Tuesday, 1 April 2014
US terror drone strike kills two Afghans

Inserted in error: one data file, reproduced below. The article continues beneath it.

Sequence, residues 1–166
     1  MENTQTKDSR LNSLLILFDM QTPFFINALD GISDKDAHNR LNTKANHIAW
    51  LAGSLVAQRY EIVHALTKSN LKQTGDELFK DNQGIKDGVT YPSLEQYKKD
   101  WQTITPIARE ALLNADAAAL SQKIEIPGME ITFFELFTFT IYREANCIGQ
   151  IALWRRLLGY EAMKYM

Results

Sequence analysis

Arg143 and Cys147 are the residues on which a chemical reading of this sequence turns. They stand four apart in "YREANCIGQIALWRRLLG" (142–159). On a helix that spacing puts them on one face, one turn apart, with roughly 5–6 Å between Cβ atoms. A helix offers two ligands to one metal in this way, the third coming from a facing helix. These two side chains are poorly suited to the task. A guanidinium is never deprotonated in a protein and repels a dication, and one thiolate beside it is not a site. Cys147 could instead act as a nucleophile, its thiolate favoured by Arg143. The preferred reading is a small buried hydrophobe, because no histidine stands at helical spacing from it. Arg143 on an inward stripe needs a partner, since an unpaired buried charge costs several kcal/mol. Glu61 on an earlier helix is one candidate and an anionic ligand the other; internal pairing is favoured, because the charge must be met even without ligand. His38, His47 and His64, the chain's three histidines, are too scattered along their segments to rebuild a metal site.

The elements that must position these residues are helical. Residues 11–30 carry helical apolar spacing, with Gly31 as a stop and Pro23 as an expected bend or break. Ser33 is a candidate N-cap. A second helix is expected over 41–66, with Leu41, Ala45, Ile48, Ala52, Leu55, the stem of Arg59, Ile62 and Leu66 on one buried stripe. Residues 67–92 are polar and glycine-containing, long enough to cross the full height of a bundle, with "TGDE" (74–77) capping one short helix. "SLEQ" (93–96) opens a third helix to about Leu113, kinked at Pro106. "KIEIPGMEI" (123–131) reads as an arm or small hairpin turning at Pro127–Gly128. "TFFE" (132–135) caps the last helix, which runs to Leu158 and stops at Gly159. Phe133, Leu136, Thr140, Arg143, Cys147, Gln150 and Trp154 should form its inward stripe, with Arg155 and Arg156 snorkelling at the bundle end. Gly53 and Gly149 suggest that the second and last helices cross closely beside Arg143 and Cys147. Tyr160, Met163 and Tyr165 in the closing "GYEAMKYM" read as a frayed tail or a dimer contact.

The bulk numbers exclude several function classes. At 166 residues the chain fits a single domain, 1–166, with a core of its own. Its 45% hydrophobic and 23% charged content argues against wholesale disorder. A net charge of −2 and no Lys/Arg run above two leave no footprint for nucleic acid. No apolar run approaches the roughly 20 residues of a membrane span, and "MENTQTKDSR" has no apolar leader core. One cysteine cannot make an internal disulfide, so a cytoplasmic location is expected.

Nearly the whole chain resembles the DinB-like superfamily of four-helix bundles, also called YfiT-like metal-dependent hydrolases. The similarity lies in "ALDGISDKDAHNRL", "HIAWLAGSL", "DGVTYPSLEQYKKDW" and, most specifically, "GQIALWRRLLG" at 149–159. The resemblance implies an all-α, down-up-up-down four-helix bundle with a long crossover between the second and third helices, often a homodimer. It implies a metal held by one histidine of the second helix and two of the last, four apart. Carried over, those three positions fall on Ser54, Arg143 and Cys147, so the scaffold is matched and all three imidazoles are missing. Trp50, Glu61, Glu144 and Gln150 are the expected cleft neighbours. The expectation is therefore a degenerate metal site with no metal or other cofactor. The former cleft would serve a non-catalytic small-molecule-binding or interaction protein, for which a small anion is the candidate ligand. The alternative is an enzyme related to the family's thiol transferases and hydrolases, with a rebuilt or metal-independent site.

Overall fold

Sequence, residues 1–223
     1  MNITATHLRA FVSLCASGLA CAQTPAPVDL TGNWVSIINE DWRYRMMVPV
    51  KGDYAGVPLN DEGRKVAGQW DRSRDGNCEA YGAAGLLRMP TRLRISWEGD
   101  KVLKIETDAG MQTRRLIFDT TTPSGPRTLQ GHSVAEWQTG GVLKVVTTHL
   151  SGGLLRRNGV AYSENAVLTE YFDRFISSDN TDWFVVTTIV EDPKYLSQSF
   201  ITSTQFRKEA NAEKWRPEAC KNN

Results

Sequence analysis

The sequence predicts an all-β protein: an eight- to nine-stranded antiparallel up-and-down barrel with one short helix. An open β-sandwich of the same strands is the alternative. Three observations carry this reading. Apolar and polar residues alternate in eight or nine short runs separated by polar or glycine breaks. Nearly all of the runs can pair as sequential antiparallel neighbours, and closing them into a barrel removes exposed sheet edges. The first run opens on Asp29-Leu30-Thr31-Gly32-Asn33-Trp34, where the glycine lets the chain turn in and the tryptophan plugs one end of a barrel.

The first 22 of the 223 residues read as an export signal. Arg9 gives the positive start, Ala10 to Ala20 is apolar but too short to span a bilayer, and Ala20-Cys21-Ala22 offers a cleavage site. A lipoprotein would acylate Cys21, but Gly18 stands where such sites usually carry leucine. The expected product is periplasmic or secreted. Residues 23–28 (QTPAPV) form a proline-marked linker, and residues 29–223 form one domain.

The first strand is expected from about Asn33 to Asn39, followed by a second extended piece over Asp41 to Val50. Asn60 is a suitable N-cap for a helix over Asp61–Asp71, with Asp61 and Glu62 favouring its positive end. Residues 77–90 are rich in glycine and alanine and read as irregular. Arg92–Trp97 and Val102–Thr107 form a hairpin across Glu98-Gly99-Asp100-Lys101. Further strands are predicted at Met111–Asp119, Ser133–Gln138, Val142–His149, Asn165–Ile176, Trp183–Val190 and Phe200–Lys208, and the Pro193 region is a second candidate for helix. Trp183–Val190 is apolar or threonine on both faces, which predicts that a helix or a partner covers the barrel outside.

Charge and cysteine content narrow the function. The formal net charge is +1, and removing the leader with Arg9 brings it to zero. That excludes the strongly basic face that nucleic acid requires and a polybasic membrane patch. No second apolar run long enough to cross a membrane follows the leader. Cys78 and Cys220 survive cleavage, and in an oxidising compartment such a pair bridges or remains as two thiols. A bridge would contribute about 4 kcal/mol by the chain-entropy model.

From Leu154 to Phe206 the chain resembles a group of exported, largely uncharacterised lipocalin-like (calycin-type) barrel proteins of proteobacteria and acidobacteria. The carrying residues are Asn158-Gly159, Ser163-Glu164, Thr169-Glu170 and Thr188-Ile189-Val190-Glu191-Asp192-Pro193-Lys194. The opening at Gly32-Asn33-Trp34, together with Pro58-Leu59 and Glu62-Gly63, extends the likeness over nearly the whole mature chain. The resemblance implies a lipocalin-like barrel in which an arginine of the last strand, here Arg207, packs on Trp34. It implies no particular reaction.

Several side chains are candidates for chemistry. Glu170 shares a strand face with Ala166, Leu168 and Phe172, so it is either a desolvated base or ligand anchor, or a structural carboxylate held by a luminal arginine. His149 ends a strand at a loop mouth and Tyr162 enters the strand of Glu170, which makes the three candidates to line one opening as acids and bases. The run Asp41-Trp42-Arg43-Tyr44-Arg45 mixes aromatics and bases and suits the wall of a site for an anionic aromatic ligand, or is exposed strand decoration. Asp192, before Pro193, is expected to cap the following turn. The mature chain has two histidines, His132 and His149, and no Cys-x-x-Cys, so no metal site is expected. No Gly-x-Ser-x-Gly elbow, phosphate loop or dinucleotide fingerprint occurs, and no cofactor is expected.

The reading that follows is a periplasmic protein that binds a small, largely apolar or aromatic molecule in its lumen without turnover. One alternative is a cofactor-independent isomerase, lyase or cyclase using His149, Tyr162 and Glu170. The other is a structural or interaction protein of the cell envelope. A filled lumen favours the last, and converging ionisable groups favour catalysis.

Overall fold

http://edition.presstv.ir/TextOnly/detail.aspx?id=356793 US terror drone strike kills two Afghans Tue, 01 Apr 2014 18:23:43 GMT At least two people have been killed and several others severely injured in a fresh strike by a US killer drone in the troubled eastern Afghanistan, security sources say. Local Afghan security officials said on Tuesday that the attack took place in volatile Kunar Province. At least 10 others, including women, were also wounded in the deadly strike. The injured have been shifted to a local hospital to receive medical treatment. Local security sources also said all the victims were members of the Taliban militant group. However, the militant group has not commented on the deaths yet. US officials claim that the airstrikes target militants, but local sources say civilians have been the main victims of the attacks. Many civilians have lost their lives in US-led strikes and operations in various parts of Afghanistan over the past years, with Afghans becoming increasingly outraged at the seemingly endless number of the deadly assaults. Civilian casualties caused by foreign forces have been a major source of tension between Kabul and Washington. The United States regularly uses drones for attacks and spying missions in Afghanistan, as well as in Pakistan’s northwestern tribal belt near the Afghan border, among other places. US drone strikes have escalated significantly over the past year, fueling anti-American sentiment in Afghanistan, Pakistan, Yemen and Somalia. The United Nations says the US-operated drone strikes in Pakistan and some other countries pose a growing challenge to the rule of international law. The UN and several human rights organizations have already identified the US as the world's number one user of "targeted killings," largely due to its drone attacks in Pakistan and Afghanistan. The airstrikes were initiated under former US president George W. Bush, but have been escalated under incumbent President Barack Obama.